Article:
A new red and gold standard

It’s been about two weeks since I drove by Levi’s Stadium for the first time. My vision was impaired by a blurry car window and concrete fences petulantly guarding the San Francisco 49ers’ new home, but I could see the massive white logo crawling into the corner of my eye. And that was all that mattered.

For the generation of 49er fans who missed the historically great teams of the ‘80s and ‘90s, Levi’s Stadium represents a return to relevance that we can finally savor after hearing stories of legacies that we never saw being built. Levi’s may be a new arena, but above all, it’s a new home for those of us who missed the golden age. This stadium just might have the potential to be our generation’s Candlestick Park, where heroes become legendary and plays are enshrined into volumes of NFL history. Is it blasphemy to compare the “Field of Jeans” to dear old Candlestick? Perhaps. But keep in mind that my generation mostly heard Candlestick discussed for its grime rather than its glory.

I was born one year after the San Francisco 49ers won their last Super Bowl. I’m fortunate to have grown up close to a city that boasts one of the most storied franchises in professional sports, but the mystique isn’t quite as potent when the quarterback you remember most is Alex Smith, not Joe Montana or Steve Young. Until about three seasons ago, the most memorable play I could associate with this team was watching grainy film of “the Catch.”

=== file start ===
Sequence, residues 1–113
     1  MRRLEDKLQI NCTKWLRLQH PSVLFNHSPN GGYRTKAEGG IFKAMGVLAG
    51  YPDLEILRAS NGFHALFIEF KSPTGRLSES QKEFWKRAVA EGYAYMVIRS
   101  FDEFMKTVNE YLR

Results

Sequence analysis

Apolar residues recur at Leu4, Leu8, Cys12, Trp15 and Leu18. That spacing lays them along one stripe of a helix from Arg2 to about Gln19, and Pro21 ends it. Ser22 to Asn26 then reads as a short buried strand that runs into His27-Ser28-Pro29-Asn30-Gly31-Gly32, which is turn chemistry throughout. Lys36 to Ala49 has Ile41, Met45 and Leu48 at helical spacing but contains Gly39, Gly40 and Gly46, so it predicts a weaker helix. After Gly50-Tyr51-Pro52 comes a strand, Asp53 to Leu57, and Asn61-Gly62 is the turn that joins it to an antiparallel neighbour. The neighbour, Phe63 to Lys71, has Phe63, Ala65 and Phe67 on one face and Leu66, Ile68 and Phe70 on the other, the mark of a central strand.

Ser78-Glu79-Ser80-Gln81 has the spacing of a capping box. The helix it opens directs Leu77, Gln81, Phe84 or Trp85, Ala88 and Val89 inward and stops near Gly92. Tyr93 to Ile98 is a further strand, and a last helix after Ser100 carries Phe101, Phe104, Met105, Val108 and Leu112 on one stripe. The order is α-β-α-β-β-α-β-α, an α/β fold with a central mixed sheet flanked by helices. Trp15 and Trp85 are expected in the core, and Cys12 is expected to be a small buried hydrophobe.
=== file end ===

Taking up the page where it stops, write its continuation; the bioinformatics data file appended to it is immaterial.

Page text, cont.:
Almost every franchise experiences a prolonged period of decline after some age of prosperity. It’s inevitable, given the difficulty of maintaining success and the cyclical nature of sports. And sure, every fan wants his or her team to be a perpetual contender. Could there be a more obvious statement? But the distinction here is that I only got to witness the gradual decline of one of the most illustrious teams in America. I missed the era of Bill Walsh and Jerry Rice and instead lived in one with a head coach who dropped his pants out of frustration and one that included the long-running Vernon Davis soap opera. For heavens’ sake, the Wikipedia caption for the 2003-10 49ers bluntly reads “Struggles.”

And really, there’s no more fitting word for the span of 49er football I grew up watching.

This isn’t meant to be a theatrical lament about the team — I could always be a Cleveland Browns fan. But nostalgic success stories have always been little more than sound bites replayed on talk radio. I knew those players and coaches graced Candlestick Park, but they existed only as anecdotes to be appreciated, rather than pieces of my own experience.

I can complain about the agony of the last three seasons — each year apparently striving to be more painful than the last. I can tear my hair out about losing the conference championship to the Seattle Seahawks — and being subject to endless Pete Carroll gum-chewing montages — one year after losing the Super Bowl. But to hear my favorite team discussed on national TV as a powerhouse rather than as a laughingstock is sweeter than I could have ever imagined.

Of course, I’m not equating the 49ers’ prolific ‘80s and ‘90s to a measly three seasons of relevance, especially when a sixth Lombardi has yet to be won. This chapter will need many more years of sustained success to even warily step foot into the conversation. Many more titles and downtown parades will have to grace headlines before they’re even slightly comparable. It may not be quite another Golden Age, but at least we know there’s a glimmer.

Contact Michelle Lee at [email protected].

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